Undertaker isn’t a zombie anymore, so he’s allowed to sell, but he’s also not a demonic cult leader or mystical legend so there is no lighting coming out of his fingers or cartoon elements to his work. He just beats people up. The action feels far more organic than modern WWE, with things like highspots happening at the same time in two different parts of the arena, making it impossible for the director to catch them both. Stuff like that would never happen in the publicly traded company, slickly produced television show era we are in today, where the agents, the talent, and the production team are all in sync in something more akin to a network television drama than territory wrestling. Today it is still men in spandex throwing fake punches, but the men in this match were from another era, an era where you were trained in a dirty gym and taught to make it look real. Today, they are sent to a multi million dollar Performance Center and taught how to perform for television cameras, and how to make it safe. This is not a good old days rant, because today is always tomorrow’s nostalgia, and I like modern wrestling. It’s just an honest observation of the dichotomy of the two eras that stuck me upside the head while I was watching this. I can appreciate, and loathe, elements of both.

They ran out of ideas towards the back end of the match, so maybe it went about five minutes too long. A four way elimination match (with over the top eliminations in play, to protect people from taking pins) worked like this and at this pace is probably better suited as a shorter mid card match rather than a main event where there is an obligation to give people their money’s worth, but that’s minor gripe. This was a shit ton of fun, and I wish this near perfect era of WWF had lasted a few years longer. ****¼ -Joe Lanza

Kenta Kobashi vs. Jun Akiyama, July 10th 2004
Chosen by John Carroll

Some matches don’t need context.

When a bout takes place in a larger story, with continuity at play to make you understand the characters and their motives, context is key. It is, in my opinion, one of the most important things in pro wrestling. But sometimes, matches don’t need context to still be thoroughly enjoyable. They just need to take your breath away. This is one of these matches.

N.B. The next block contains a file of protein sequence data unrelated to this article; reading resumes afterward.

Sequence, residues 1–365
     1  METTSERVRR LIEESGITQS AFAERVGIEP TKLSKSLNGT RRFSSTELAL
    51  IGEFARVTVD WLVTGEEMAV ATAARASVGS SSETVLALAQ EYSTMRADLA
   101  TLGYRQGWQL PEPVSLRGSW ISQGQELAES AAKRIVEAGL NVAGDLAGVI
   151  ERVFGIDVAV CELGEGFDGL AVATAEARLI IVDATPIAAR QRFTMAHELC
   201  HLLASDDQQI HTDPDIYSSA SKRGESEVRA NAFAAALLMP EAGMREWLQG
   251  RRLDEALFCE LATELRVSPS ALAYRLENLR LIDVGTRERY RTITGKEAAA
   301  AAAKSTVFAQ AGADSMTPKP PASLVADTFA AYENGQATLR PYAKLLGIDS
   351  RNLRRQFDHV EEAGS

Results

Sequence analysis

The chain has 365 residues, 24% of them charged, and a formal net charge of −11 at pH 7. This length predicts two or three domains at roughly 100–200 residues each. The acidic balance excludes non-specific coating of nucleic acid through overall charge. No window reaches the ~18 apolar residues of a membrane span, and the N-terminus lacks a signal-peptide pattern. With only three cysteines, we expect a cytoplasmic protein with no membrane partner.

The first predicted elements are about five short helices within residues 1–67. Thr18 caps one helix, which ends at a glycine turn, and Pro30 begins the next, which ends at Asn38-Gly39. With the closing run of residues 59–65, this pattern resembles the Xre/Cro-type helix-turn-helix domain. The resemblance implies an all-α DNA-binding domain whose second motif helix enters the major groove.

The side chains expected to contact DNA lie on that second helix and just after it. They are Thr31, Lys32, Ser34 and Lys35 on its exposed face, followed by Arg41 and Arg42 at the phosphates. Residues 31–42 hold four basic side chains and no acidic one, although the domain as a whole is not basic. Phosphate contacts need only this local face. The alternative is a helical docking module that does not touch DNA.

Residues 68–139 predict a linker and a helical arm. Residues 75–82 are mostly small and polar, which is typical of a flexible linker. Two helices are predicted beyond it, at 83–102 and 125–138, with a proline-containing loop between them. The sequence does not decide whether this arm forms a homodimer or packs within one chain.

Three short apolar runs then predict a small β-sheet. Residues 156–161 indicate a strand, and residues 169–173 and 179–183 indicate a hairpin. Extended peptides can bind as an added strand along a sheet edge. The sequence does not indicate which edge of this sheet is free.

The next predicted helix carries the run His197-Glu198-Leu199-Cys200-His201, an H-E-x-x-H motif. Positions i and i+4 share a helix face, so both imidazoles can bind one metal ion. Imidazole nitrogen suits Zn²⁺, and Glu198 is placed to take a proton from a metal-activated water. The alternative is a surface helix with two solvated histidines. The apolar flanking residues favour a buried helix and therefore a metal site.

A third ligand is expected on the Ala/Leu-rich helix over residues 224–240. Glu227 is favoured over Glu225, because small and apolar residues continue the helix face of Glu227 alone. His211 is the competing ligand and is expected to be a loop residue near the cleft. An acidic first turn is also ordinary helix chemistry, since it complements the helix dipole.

Kenta Kobashi is a bonafide legend of professional wrestling. He is a man who is one of the symbols of an era, and continues to be active in the field, notably through his self-produced Fortune Dream shows. He is a man who embodies the “fighting spirit” that we so love, and that engages us in stories that take us away from the dull reality of life, even for just a moment. That’s exactly what he did here.

That’s not taking away anything from his opponent, of course. In 2004, Jun Akiyama, complete with full head of hair (oh, the good old days), was already a star in his own right, though he never seemed to truly be able to step away from the shadow of his elders. This was his chance to become the biggest dog in the yard, and he’d be damned if he let it slip through his fingers.

What I mean when I say that this match doesn’t need context though, is that more than all of that, more than the story it takes place in, more than the story it tells, it is simply a astounding display of professional wrestling. I believe you could show this match to anyone, whether they are a wrestling fan who has never seen it, or a non-wrestling fan, and they would be blown away all the same. It’s a competition, a game of who is the better man, who will be left standing tall in the end, of who can hit harder and show that he wants it more. Sometimes, that’s all you need.

It is a spectacle. Intense, brutal, even disgusting in some regards, as bodies hit the floor and the mat at angles that make you cringe but leave you in awe regardless. This is a match that made me feel like I lost several years of my life while watching it. It was emotionally exhausting, but left me feeling so content to be a fan of professional wrestling, which is, ultimately, what I think we all look for. We want to be awed, entertained, sometimes horrified by what these people do to each other. Because we want to be part of stories that are bigger than all of us.

This is what this match is. An awe-inspiring piece that doesn’t need explanation, but demands to be enjoyed to the fullest. Milo M.